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[EVENT] MOBILISATION FOR QUALITY EDUCATION AT THE WORLD WOMEN’S CONFERENCE IN DUBLIN

d.desplanques
July 31, 2014

The Second World Women’s Conference, organised by Education International took place in Dublin between 7 and 9 April 2014. The Education and Solidarity Network assigned its policy officer to discuss pupil and teacher health in schools, an essential component of quality education, with other participants at the event.

The Second World Women’s Conference, organised by Education International took place in Dublin between 7 and 9 April 2014. The Education and Solidarity Network assigned its policy officer to discuss pupil and teacher health in schools, an essential component of quality education, with other participants at the event.

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On the agenda: lectures and workshops aimed at discussing the place of women in education trade unions and their role in education, with particular regard to gender issues. The goal for 2014: putting words into action. Some 400 education sector trade unionist delegates, 70% of whom were women, came from all over the world to discuss their personal experiences and suggest solutions for quality education.

The EI international campaign “Unite for Quality Education” was a key focus of the conference. It focuses on three fundamental areas: universal access to quality teachers; modern teaching resources and tools; and safe environments conducive to teaching and learning.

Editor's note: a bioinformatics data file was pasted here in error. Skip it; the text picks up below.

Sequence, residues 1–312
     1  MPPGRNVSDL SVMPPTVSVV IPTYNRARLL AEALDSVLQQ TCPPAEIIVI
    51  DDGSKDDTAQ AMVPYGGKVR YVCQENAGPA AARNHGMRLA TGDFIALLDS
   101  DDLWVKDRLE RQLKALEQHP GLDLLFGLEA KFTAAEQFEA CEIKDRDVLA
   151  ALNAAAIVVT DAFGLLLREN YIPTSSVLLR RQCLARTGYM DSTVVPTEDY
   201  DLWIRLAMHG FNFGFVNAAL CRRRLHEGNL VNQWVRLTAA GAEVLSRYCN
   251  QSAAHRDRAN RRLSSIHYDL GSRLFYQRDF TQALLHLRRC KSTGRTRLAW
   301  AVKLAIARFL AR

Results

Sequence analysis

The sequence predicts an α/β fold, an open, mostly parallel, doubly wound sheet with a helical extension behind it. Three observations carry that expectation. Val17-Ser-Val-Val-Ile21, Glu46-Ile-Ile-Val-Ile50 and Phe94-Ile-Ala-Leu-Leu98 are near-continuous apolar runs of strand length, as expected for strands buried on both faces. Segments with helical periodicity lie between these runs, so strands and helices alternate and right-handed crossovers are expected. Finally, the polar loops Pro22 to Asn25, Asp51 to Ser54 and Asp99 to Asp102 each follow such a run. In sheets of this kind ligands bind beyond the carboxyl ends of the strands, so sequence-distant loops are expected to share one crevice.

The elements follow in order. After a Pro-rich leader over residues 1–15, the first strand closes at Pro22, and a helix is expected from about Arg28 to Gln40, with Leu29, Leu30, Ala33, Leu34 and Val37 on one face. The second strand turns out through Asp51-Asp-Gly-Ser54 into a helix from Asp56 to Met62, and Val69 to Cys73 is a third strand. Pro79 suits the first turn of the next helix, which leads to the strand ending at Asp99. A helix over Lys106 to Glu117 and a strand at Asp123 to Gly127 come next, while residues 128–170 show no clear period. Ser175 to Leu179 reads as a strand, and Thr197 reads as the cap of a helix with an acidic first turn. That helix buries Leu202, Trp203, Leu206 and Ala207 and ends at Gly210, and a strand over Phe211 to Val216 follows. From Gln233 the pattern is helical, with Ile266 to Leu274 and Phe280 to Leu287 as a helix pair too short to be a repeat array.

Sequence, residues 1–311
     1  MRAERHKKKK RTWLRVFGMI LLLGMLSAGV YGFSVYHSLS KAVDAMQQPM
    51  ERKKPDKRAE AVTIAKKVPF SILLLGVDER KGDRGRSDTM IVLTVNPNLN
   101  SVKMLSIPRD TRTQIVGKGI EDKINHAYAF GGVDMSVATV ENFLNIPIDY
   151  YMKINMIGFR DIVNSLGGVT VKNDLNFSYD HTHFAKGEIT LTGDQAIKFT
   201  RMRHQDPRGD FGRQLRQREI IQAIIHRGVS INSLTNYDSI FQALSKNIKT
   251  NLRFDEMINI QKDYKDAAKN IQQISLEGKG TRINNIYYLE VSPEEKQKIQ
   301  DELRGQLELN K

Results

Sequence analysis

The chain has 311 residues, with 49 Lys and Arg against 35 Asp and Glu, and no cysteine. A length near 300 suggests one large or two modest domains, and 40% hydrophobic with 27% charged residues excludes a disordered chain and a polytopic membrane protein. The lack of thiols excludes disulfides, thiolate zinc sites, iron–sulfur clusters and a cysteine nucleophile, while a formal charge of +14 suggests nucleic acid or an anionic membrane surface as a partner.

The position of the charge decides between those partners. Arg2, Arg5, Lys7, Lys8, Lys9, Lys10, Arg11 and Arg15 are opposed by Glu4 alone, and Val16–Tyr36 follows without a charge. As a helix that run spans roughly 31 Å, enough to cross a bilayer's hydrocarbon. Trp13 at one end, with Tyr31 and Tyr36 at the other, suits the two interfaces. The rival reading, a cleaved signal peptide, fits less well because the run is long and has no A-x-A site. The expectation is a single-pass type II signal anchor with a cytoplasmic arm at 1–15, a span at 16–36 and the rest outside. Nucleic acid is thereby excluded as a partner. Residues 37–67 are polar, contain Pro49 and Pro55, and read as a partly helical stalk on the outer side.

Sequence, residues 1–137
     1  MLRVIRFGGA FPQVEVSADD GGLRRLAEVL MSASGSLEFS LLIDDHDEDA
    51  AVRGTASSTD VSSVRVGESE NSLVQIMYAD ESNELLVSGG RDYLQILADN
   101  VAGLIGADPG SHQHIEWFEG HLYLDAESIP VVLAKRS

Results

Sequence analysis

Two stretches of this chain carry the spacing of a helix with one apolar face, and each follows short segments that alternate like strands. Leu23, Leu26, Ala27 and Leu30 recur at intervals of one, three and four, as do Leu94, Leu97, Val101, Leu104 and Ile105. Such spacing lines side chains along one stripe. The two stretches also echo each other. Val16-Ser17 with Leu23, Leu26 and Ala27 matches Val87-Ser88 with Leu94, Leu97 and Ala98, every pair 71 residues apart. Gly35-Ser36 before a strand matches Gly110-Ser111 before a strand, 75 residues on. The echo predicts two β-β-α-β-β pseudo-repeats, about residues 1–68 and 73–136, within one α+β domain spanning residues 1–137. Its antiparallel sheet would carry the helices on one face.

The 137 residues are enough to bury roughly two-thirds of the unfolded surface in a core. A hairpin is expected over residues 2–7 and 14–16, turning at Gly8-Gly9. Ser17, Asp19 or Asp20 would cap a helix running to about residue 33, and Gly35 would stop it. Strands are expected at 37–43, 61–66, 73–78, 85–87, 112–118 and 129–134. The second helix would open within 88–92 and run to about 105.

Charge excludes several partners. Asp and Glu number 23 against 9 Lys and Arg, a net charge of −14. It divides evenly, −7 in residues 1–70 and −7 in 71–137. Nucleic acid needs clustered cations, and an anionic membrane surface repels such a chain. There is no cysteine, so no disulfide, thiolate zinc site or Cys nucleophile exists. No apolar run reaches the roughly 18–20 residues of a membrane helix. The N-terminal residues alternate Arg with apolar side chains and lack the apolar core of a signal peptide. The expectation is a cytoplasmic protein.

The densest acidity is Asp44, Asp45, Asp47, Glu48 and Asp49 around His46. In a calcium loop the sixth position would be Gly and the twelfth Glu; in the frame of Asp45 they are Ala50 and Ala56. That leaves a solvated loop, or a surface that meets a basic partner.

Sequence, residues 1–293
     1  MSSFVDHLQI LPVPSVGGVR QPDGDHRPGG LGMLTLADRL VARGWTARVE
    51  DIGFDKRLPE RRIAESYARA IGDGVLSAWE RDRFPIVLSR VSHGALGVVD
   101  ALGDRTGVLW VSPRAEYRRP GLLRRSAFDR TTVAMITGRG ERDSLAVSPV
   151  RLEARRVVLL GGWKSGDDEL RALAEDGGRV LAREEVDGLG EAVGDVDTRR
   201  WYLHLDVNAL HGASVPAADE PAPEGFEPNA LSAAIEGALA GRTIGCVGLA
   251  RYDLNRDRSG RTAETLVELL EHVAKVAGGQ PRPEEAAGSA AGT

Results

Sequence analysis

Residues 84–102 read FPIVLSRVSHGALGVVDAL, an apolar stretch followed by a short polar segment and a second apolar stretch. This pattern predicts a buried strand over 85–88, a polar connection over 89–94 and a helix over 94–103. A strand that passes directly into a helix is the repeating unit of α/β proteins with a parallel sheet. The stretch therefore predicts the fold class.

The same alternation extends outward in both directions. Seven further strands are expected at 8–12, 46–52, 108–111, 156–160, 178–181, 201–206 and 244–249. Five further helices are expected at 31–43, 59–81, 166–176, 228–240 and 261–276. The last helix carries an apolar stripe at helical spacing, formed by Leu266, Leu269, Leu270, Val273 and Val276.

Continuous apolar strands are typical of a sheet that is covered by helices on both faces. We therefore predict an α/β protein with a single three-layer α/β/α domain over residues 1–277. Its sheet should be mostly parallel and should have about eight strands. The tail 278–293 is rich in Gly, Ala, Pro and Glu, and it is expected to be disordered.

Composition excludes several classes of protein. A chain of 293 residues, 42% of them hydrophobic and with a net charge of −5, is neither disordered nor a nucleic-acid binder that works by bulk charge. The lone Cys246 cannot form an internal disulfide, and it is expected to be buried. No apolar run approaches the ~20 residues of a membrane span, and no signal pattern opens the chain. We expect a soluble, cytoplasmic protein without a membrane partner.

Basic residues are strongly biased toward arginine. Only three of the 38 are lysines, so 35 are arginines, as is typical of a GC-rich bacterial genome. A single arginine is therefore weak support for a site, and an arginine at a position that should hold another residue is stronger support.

EI President, Susan Hopgood noted in her various contributions that efforts should be made to guarantee girls “quality education and not just a seat in a classroom”. She added: Quality education is fundamental to the achievement of all other development goals including […] health, nutrition […]. “

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Susan Hopgood’s words reflect the Education and Solidarity Network’s deeply-held belief that: Although teachers and pupils must be healthy to ensure quality education, education and the mobilisation of education professionals are also part of the solution for improving health. In this context, we were able to emphasise our added value to teachers and other education workers.

Through a number of interviews conducted at the event, we noted growing interest among trade unions in health issues and the various actions undertaken: health education and prevention campaigns; studies on occupational diseases among teachers in order to have these recognised; suggesting and designing health protection systems for teachers; mobilising in defence of social protection systems etc. In the coming months, the Network will look further into the surveys initiated in Dublin in order to gain a fuller understanding of education union initiatives on health issues.

Dublin also provided an opportunity to address the issue of recruiting young people, a major challenge for many trade union organisations in countries with ageing populations. The Education and Solidarity Network took part in various workshops on the subject. By sharing good practice, it was possible to identify original approaches, in particular that of providing young people with a space in trade unions in which they are represented and are able to discuss relevant issues, thus ensuring that their specific problems are better understood and addressed. Various proposals confirmed the relevance of our “Virtual Community of Young Education Professionals” project which aims to offer young people a virtual space for discussion and solidarity.

The conference was therefore very valuable and revealed a number of concrete avenues of work both for the Network and education unions!

 

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